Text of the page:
First, the vast majority of screenwriters don’t have sufficient training to create a professional-level script. Sure, they’ve read a couple of screenwriting books, probably taken a few courses. But storytelling, in whatever medium, is the most complex craft in the world. Imagine any other profession in the world where you can be successful just by reading a couple of books or taking a few of courses.
A second reason for such terrible odds is lack of representation. The big studios won’t even open your script, much less send it out to a reader, without an agent, and the vast majority of screenwriters don’t have one. Nor do they know how to get one.
Third is that all-powerful creature known as a reader. Even if a professional reader is properly trained, and many aren’t, he or she has to read and evaluate five to ten scripts per week. This is mind-numbing, depressing work, because only one out of a hundred scripts is even good enough for a “consider.” And those are just scripts with agents. This means that the reader is programmed to say NO. Day after day, week after week, year after year.
Let’s say your script miraculously gets past the reader to a story executive. It must be a damn good script, right? Sure, but that probably won’t matter, and it’s not because executives hate reading scripts (they do). They don’t like original material. That has to do with the business strategy by which the studios operate. And that’s why far more adaptations are bought and made than originals.
The strategy is known as branding, and all the top studios use it. King of branding is the top Hollywood studio, Disney. That’s why Disney bought Marvel, with its well-known stable of characters. That’s why Disney bought Star Wars. Star Wars began as an original voice in the mind of its writer, George Lucas. But Disney bought it only after that original voice proved to be a massive success at the box office. Star Wars had become a brand, and a great one at that.
The reason that writing a script to sell to Hollywood is a big mistake is that you are using the wrong currency. The currency in this business isn’t money. It’s voice. It’s your unique brand as an original storyteller that the studios can’t get from anyone else but you. And that means above all that you have to get your voice out there, get it heard, to prove to the studios that people want it.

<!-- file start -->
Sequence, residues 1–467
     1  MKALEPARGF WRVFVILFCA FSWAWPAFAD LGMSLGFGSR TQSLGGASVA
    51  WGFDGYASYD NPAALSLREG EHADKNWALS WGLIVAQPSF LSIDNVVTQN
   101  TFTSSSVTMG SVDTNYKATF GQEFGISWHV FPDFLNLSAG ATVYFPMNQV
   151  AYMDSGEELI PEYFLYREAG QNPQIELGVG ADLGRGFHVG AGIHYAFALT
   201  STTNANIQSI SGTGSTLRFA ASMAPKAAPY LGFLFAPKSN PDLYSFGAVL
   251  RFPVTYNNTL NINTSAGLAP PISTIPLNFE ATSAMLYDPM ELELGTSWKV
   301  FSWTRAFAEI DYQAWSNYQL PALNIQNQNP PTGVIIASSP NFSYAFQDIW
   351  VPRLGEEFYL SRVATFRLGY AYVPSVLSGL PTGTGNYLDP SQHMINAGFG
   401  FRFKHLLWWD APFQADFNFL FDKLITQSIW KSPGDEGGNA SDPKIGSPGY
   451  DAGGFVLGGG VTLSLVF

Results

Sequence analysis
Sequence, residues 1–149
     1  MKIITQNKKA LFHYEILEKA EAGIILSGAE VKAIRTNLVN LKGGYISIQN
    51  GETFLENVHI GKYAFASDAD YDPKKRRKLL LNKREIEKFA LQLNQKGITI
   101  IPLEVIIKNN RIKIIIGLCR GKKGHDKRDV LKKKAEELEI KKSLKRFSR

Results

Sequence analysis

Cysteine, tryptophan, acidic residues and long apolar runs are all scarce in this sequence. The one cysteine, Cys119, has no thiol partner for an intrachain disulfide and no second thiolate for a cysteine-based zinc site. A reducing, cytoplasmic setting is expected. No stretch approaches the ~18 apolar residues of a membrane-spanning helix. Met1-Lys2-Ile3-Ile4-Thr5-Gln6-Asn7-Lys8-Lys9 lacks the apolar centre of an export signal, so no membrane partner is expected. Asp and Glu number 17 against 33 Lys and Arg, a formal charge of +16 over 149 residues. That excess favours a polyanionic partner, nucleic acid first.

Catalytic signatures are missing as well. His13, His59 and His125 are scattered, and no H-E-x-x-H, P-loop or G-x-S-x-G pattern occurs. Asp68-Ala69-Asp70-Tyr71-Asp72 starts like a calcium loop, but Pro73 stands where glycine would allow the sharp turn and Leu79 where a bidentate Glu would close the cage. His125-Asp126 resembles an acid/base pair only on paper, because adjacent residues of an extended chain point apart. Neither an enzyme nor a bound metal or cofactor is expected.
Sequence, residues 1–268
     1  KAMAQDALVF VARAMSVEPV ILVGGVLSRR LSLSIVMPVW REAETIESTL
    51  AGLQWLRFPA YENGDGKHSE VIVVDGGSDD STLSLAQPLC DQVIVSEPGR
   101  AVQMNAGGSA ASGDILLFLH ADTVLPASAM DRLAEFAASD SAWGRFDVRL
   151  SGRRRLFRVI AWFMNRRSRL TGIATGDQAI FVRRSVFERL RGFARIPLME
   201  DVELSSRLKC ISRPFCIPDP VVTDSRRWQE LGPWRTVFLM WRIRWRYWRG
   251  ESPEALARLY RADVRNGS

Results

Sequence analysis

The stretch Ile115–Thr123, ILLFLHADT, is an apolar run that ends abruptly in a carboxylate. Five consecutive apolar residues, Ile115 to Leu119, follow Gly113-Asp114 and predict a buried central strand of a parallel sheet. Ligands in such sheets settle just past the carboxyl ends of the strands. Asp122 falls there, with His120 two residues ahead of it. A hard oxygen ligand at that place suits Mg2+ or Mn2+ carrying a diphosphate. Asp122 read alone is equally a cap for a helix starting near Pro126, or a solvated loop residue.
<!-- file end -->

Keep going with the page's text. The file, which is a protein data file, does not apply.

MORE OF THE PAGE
As we’ve seen, that won’t happen if you write your original story as a script.
So what is the #1 screenwriting strategy today? Write your original story as a novel first. It’s a lot easier to get a novel published than it is to get a script sold and made. And even if you don’t get an established publisher, the internet allows you to publish it yourself. You begin the process of getting your original voice heard in the world. You begin the process of managing and selling your brand.
If the book gets a following, you can build it. If it has real success as a novel, your chances of selling it as a film are much higher.
Andy Weir published The Martian as a novel in serial form on his own website. Then he put out an Amazon Kindle version for 99 cents. It sold 35,000 copies in three months and that got him a publishing deal with Crown Books (Random House). 20th Century Fox optioned the film rights and it’s now a blockbuster movie with Oscar potential.
An example of a writer who is managing her brand is Leslie Lehr, award-winning novelist and novel consultant at Truby’s Writers Studio. She just got back the rights to her novel, 66 Laps, which won the Pirates Alley Faulkner Society Gold Medal. She’s republished it through Amazon for its initial release, with other formats soon, and through her own imprint, GoodPressBooks, at www.leslielehr.com/66-laps. The book is now getting a whole new life, and more importantly Leslie is extending her brand of powerful, original storytelling into the world.
66 Laps is the story of a wife and mother of a toddler who comes to suspect her husband is having an affair. But is he really? And if he is, what should she do about it? I guarantee you will not figure out what happens. And the ending will hit you hard.
This book is beautifully written at every level of the storytelling process, from character to plot to dazzling prose. Only Leslie Lehr could have written it. Had she written it first as a script it would never have seen the light of day. Now it will live on forever, read by thousands, and it’s something she can point to and proudly say, “I did that.”
The reason Leslie and I recently taught our Story for Novelists class is that we believe so strongly that for the vast majority of screenwriters out there, the novel is the ticket to breakthrough. If you want to start creating and building your brand as a storyteller, write a novel. Don’t let the powerful, unseen forces of the Hollywood entertainment business control your creativity ever again.